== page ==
In this new series, the choice of Jesus as the first title is obvious, although the second two figures may seem an odd choice to set the ball rolling. Indeed, in this anniversary year it seems a pity that Martin Luther is not one of the titles for publication in 2017. On the other hand, prior to the formal start of this series, SPCK published two hardback books in a similar format: on Julian of Norwich by Janina Ramirez of Oxford University; and Thomas More by John Guy of Clare College, Cambridge.
The next planned study is of William Tyndale by the writer and broadcaster Melvyn Bragg, and there is a complementary series on movements and ideas that have shaped the world, beginning with Byzantine Christianity by Averil Cameron of Oxford and the Enlightenment by Anthony Kenny.
The Very Brief Histories series has its own Facebook page, which is being kept up-to-date on current and forthcoming titles.
I spent time yesterday [10 October 2017] putting the finishing touches to my monthly column for two church magazines, the the Church Review (Dublin and Glendalough) and the Diocesan Magazine (Cashel, Ferns and Ossory).
In my column next month [November 2017], I am describing my visit to the Ac ropolis in Athens and the new Acropolis Museum in August.
The new Acropolis Museum is the best Greek answer to British refusals to return the Parthenon Marbles to Athens from the British Museum in London.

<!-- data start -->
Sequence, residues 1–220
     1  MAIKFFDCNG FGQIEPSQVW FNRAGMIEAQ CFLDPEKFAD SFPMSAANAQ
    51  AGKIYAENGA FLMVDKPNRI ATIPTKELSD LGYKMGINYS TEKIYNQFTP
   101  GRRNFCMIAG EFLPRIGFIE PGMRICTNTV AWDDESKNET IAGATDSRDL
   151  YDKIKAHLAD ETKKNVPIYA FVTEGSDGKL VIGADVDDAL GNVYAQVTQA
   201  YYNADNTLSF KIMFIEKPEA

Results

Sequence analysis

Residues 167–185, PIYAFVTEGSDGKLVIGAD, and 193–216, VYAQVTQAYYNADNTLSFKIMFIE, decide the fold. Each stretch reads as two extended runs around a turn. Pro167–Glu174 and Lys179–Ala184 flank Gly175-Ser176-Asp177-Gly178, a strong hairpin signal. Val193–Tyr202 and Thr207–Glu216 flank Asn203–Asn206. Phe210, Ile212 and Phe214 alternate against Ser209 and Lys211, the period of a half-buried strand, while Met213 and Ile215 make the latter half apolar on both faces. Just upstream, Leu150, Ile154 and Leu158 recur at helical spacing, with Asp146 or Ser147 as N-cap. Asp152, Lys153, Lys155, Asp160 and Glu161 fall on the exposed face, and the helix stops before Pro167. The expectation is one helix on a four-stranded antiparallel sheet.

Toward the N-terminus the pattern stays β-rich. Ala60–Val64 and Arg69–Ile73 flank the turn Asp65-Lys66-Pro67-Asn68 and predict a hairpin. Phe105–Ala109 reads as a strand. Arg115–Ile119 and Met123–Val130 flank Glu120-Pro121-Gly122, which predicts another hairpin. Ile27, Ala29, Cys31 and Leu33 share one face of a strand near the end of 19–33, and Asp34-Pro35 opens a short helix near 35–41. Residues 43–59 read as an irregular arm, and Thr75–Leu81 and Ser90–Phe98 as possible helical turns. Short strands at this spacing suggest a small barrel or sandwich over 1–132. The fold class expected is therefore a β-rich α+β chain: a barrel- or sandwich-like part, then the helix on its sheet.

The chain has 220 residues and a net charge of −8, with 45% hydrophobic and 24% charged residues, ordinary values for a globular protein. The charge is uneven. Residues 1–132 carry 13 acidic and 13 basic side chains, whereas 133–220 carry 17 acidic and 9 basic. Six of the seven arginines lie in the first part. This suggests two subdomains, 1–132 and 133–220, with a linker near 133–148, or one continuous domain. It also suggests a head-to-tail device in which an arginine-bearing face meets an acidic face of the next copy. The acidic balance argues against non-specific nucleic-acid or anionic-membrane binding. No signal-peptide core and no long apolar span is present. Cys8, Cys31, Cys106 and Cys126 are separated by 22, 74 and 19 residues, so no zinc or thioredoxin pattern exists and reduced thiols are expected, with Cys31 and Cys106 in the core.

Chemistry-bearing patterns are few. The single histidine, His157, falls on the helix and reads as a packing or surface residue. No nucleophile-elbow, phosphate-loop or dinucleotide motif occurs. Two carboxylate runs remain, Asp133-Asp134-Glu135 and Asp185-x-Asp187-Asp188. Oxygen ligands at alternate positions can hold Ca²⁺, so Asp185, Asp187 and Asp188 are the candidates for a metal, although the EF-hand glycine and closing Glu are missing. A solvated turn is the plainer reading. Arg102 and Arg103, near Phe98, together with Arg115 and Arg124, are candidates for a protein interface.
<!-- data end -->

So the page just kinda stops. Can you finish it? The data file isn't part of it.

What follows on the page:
But is Brexit going to have any impact on either the Greek demands or the persistent British refusals?
Last week, when President Prokopis Pavlopoulos of Greece met a delegation from the Ionian Islands that briefed him on an initiative for the repatriation of all elements of culture around the world and asked for his support.
During those talks last Friday, President Pavlopoulos said Greece’s first priority is the return of the Parthenon Marbles. ‘There is no other monument in the world that broadcasts these symbolisms,’ he said.
Greece is threatening to sue Britain for the return of the Elgin Marbles, which it says are stolen property.
Two years ago, the newly-elected government of Alexis Tsipras turned its back on the recommendation of a London-based team of human rights lawyers acting for Athens, including Amal Clooney, to help to settle the decades-old dispute.